Today many Japanese hair care lines continue to use local traditional ingredients such as Camellia Oil, seaweed, soy, rice or silk as active ingredients to combat dryness, coarseness and brittleness in hair. Yuko, a leader in chemical-free hair straightening, has created a semi-permanent, anti-frizz treatment that uses these ingredients as well as wheat and Meadowfoam seed oil to control frizz without any of the harsh chemicals many salons use to relax hair. The treatment is available in the Beverly Hills salon, but the Anti-Frizz treatment can also be purchased online for similar at-home results. The leave-in conditioner uses camellia oil and rice brand oil and the Meadowlactone additive to detangle and revitalize hair. Use it with your styling tools to seal the nutrients even further with heat. You will love how baby soft your hair feels. My hair responded well to the shampoo, conditioner and serum since the products work synergistically to heal the hair shaft. Hair will feel strong from within, not merely coated with a smoothing agent. I use it after I swim and it helps restore my hair to vitality after chlorine damage. The line is available at Yuko-usa. com. The Yuko Salon is at 351 N.Canon Drive, Beverly Hills, CA 90210, tel: (877)985 6797.

Hamadi Organics, a California-based hair company, uses ingredients from Japan such as soy milk, rice and ginger. The company’s shampoo is called Wash and almost feels like an herb rinse – very little soap suds are created during washing. This is especially good for those of us who like to wash hair often but can’t (and shouldn’t) tolerate more chemicals. It feels like a healthy cleansing drink for your hair. The Ginger Soy Milk Hair Wash contains soy milk that helps to seal in moisture without weighing hair down. Rice proteins strengthen and fortify the hair cuticle. Ginger stimulates and tones the scalp and works as a gentle antiseptic. The Honey Soy Milk Hair Wash contains Ylang Ylang, which revitalizes hair and promotes hair growth and shine. The Shea Rice Milk Conditioner contains rice proteins to fortify the hair shaft and prevent breakage. The unique line is green conscious and calls itself “decadently healthy” for a reason. The company tests its products on actresses in Hollywood, not on animals. Drew Barrymore claims that the line brought her hair back to life and Heather Graham is a big fan too. Available at http://www.hamadibeauty.com.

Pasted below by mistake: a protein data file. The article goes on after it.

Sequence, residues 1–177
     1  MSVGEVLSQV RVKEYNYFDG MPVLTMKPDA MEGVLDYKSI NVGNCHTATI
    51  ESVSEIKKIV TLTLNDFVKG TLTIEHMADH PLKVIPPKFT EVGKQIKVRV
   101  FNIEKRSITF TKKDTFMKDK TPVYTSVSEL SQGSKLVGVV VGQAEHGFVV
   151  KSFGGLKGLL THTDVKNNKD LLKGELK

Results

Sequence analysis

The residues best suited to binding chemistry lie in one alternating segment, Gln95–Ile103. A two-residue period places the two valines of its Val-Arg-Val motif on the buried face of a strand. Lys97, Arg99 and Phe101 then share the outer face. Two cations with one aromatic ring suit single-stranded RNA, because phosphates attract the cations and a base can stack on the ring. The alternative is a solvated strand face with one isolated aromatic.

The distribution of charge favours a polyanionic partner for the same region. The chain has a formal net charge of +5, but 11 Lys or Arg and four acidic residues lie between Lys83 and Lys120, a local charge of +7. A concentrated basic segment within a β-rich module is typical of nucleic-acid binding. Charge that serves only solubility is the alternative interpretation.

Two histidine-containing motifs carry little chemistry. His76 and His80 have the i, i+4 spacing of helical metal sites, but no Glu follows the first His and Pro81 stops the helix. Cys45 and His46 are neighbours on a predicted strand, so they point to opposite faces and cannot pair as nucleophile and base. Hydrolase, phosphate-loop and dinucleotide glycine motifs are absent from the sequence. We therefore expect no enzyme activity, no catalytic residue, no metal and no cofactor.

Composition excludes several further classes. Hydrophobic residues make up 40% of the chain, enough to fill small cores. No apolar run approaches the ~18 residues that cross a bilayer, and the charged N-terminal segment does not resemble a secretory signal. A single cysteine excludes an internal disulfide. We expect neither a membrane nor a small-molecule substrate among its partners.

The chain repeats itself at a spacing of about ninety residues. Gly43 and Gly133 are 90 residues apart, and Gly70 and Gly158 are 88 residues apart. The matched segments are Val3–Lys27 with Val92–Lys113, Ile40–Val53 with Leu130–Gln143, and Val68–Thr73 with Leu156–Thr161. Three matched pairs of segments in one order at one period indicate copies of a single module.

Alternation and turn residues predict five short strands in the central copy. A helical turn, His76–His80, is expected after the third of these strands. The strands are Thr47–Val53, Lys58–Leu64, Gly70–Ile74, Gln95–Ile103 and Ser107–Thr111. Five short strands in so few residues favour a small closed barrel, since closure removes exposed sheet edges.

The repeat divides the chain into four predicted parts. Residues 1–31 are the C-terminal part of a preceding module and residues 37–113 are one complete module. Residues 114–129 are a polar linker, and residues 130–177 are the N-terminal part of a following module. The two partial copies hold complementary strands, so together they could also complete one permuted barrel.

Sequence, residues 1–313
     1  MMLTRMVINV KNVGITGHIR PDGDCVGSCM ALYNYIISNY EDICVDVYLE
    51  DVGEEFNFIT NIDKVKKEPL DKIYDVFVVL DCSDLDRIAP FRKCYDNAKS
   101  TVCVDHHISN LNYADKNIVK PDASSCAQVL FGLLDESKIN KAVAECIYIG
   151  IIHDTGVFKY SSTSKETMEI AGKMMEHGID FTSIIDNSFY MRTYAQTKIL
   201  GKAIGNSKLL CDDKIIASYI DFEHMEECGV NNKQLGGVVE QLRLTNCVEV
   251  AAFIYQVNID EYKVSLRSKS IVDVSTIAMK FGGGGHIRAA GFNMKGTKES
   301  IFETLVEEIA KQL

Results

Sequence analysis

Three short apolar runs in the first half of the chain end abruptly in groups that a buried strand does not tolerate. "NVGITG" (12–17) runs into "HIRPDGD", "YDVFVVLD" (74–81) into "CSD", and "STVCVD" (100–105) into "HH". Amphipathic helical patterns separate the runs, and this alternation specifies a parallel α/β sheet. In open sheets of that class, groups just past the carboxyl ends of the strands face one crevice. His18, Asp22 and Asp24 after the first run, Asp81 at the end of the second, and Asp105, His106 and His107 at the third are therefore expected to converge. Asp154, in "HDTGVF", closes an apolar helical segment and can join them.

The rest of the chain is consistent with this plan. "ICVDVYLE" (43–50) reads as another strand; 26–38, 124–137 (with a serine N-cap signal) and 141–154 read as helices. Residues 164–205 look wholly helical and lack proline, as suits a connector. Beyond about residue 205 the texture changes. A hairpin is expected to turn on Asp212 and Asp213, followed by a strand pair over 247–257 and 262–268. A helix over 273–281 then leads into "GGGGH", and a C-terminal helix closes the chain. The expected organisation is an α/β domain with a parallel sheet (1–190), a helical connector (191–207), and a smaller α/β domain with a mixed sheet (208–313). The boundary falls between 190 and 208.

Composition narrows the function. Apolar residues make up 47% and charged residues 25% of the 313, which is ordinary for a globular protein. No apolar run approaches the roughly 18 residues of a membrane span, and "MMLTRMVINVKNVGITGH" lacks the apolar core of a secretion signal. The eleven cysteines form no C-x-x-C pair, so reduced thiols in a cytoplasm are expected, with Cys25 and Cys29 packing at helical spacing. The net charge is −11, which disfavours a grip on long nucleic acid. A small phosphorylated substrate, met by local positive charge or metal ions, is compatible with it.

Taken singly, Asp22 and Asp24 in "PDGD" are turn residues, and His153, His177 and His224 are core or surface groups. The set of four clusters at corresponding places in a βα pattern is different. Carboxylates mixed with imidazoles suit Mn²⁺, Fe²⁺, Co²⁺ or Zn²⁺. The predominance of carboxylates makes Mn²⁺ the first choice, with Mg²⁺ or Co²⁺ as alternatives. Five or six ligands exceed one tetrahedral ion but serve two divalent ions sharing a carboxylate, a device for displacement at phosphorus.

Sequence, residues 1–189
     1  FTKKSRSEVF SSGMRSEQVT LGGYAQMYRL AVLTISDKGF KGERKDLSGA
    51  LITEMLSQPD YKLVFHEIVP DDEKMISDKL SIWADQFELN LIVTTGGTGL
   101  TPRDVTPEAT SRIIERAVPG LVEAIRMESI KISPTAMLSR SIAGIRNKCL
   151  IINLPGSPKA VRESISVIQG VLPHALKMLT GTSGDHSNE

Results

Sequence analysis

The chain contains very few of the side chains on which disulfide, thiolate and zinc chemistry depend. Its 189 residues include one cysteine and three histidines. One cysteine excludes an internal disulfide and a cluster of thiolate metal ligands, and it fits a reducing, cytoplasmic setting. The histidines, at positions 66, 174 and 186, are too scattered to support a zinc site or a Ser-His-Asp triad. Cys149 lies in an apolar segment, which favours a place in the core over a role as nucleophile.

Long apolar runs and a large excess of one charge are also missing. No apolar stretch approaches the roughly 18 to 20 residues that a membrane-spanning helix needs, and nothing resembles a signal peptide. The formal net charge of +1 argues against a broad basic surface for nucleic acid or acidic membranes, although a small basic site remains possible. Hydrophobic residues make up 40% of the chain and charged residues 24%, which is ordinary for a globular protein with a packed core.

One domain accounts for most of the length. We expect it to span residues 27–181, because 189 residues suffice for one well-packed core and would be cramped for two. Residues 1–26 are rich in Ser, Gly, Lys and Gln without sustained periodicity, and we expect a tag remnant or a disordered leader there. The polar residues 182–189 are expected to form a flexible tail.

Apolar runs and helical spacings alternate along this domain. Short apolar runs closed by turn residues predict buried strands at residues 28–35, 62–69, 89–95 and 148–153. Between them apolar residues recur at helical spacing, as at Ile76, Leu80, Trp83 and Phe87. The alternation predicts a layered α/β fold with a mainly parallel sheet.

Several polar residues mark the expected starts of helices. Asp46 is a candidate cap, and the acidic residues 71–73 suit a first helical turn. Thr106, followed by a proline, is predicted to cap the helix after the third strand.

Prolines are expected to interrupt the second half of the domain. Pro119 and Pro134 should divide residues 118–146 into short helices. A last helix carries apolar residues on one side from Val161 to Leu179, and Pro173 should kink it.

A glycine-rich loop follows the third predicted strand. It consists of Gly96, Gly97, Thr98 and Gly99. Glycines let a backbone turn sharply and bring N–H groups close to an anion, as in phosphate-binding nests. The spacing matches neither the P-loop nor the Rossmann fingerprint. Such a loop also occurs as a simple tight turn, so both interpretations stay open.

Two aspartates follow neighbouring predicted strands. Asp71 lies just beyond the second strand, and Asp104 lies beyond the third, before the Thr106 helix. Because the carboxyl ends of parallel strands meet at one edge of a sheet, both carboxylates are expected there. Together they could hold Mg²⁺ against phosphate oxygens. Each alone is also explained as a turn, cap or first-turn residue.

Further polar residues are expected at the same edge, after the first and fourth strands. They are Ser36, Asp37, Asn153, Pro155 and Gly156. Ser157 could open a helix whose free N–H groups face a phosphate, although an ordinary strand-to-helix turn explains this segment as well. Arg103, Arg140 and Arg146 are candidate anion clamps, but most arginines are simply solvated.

Another popular Japanese hair care line is Gatsby’s Moving Rubber Hair Wax Series. Unlike gel, the wax allows users to re-shape their style throughout the day without adding water, washing or re-applying more product. Although geared toward men, the product is popular with women who request an extremely firm hold for their hair creations but need the freedom to reshape them indefinitely. Available at Ricky’s stores in New York City or http://www.gatsbyglobal.com/usa.

If you’re bored of the same hair care routine and your hair feels dull, explore other worlds’ recipes. My exploration of Japanese hair care has given me plenty to think about and with these new products my hair has never looked better.

Originally published April 2014